Kids Motherhood

I Was So Busy Loving My Kids I Almost Forgot To Like Them

I Was So Busy Loving My Kids I Almost Forgot To Like Them www.herviewfromhome.com
Written by Nicole Hastings

I know my kids better than anyone.

I know how they like their PB&Js.

I know one will ask for his stuffed monkey before he even asks and I am there to hand it to him before he drifts off to sleep.

I know my daughter only likes the “soft socks” and will refuse wear anything but.

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I’m always prepared for our outings with snacks and water bottles in tow, knowing we can’t seem to make it 20 minutes without someone being hungry or thirsty.

I keep a calendar of all the school activities, juggling homework and extracurriculars like a pro.

I stay up late washing “blankie” knowing my daughter will want to take it to preschool to keep with her when she feels homesick.

I spend too much on snacks at the grocery store and buy the “good cereal” against my better judgment.

I clean up pee on the toilet seat for the hundredth time that day praying someday my boys will learn how to “aim”—for my sake and their future wives’.

I do these things and a countless list of more because I love them. I love them and I realized I was beginning to resent these things, because in the midst of loving them so fiercely, I didn’t really know them enough to like them. I was starting to see them as only needing things from me, but not able to see the things I needed from them, I needed to be able to enjoy them, I needed to be able to like them, and for a long time, I just couldn’t.

You see, as a solo mom being needed and stretched so thin, it’s hard to break through the clouds to see enjoyment. Sometimes, I’m so busy stretching myself even further with trying to “do it all”—pay bills, income, plan for the future, to avert small and large crises, all the while practicing spelling words and making sure at least three sets of teeth are brushed. I’d spent so much time trying to be the “hero” of my story, I hadn’t been able to stop and realize to put my cape aside and trade it in for the role of “tickle monster” or “prince charming.” I had spent so much time ensuring healthy meals were on the table and, yet, I didn’t allow myself to sit down to enjoy it with them. I was miserable and my kids knew it. They do know it, by the way, they know when their presence isn’t enjoyed. They know when all the things they need to feel loved and taken care of trumps them actually being liked. They might not be able to verbalize it, but they know it.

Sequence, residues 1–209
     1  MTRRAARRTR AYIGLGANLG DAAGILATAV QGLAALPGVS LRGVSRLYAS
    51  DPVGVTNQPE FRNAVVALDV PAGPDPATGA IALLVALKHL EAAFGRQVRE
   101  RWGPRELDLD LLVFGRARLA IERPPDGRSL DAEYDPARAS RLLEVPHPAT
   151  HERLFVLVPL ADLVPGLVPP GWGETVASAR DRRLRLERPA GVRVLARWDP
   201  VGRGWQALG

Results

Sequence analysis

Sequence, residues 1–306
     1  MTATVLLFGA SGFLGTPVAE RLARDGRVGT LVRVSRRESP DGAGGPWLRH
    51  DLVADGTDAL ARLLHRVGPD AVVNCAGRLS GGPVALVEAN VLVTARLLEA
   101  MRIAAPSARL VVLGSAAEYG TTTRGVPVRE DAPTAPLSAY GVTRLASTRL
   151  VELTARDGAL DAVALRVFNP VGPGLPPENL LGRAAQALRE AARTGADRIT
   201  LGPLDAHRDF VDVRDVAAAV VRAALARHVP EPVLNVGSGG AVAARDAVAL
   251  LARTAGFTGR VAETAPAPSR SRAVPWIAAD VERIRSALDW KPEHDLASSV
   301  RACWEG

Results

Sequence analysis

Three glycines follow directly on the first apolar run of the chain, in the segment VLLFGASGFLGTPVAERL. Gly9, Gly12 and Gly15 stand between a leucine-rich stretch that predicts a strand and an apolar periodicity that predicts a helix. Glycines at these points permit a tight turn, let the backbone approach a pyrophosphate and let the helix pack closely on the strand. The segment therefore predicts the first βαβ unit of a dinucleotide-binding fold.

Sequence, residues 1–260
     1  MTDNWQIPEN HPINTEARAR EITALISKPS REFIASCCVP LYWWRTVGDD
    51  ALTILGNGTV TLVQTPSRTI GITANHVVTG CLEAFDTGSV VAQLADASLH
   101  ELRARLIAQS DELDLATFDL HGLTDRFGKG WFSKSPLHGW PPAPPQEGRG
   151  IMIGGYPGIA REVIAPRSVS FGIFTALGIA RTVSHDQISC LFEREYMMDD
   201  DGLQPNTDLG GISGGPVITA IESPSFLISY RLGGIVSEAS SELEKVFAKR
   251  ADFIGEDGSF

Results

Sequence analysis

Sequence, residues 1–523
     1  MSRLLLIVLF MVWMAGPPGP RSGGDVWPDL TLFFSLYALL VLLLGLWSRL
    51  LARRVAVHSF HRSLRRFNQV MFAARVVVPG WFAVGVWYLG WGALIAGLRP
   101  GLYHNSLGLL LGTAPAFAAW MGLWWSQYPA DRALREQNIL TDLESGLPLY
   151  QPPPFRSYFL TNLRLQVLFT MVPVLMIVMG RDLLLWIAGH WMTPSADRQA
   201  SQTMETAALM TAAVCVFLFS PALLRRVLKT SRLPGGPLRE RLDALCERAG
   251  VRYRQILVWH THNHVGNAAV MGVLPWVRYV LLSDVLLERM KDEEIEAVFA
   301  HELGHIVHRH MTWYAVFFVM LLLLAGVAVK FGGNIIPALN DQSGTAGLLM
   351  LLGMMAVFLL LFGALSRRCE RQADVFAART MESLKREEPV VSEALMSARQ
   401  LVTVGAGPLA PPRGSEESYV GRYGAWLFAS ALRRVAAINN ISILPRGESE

After putting on my own oxygen mask and taking a deep breath, I realized what was lacking in my relationship with my kids. I realized the short amount of time I truly had to make an impression on them that will last a lifetime, and I was failing. I realized they probably wouldn’t remember I cleaned the dishes out of love for them, but rather that I chose that chore more often than spending 10 minutes with them before bed. I realized I didn’t have to “be it all” for them, I just had to be me, and after getting to know them, I realized it was they who were my heroes and not the other way around.

I took the time to talk to my son after handing him his stuffed monkey, I learned he was scared to try the monkey bars. I learned my other son wanted to learn to make his own PB&J and wanted me to teach him. I learned he wanted to be a chef in outer space someday. I learned my daughter went to sleep so much easier when I stayed for that one extra song. And that after, she needed to hear “I love you” not once, not twice, but three times. After all these realizations and changes I had made in my kids’ relationships with me, one night I was closing the door to my daughter’s room after the extra song and the three “I love you”s I heard her little voice say, “Mommy, I love you . . . and I like you.” And I replied. “I love you . . . and I like you too, sweetie.”

About the author

Nicole Hastings

Nicole is a certified Grief Recovery Specialist who lives in Denver and is a widowed mom to three children under seven. With a background in journalism and a sudden need to “figure out what to do,” she turned to writing about her experience with a husband with cancer, caregiving and widowed parenting and overcoming the aloneness of all of the above. She believes the art of storytelling brings people out of the dark into the light together to share in joy, humor, suffering and pain in life. She hopes that by sharing her story with transparency and heart will bring others hope and empower them to share their own stories.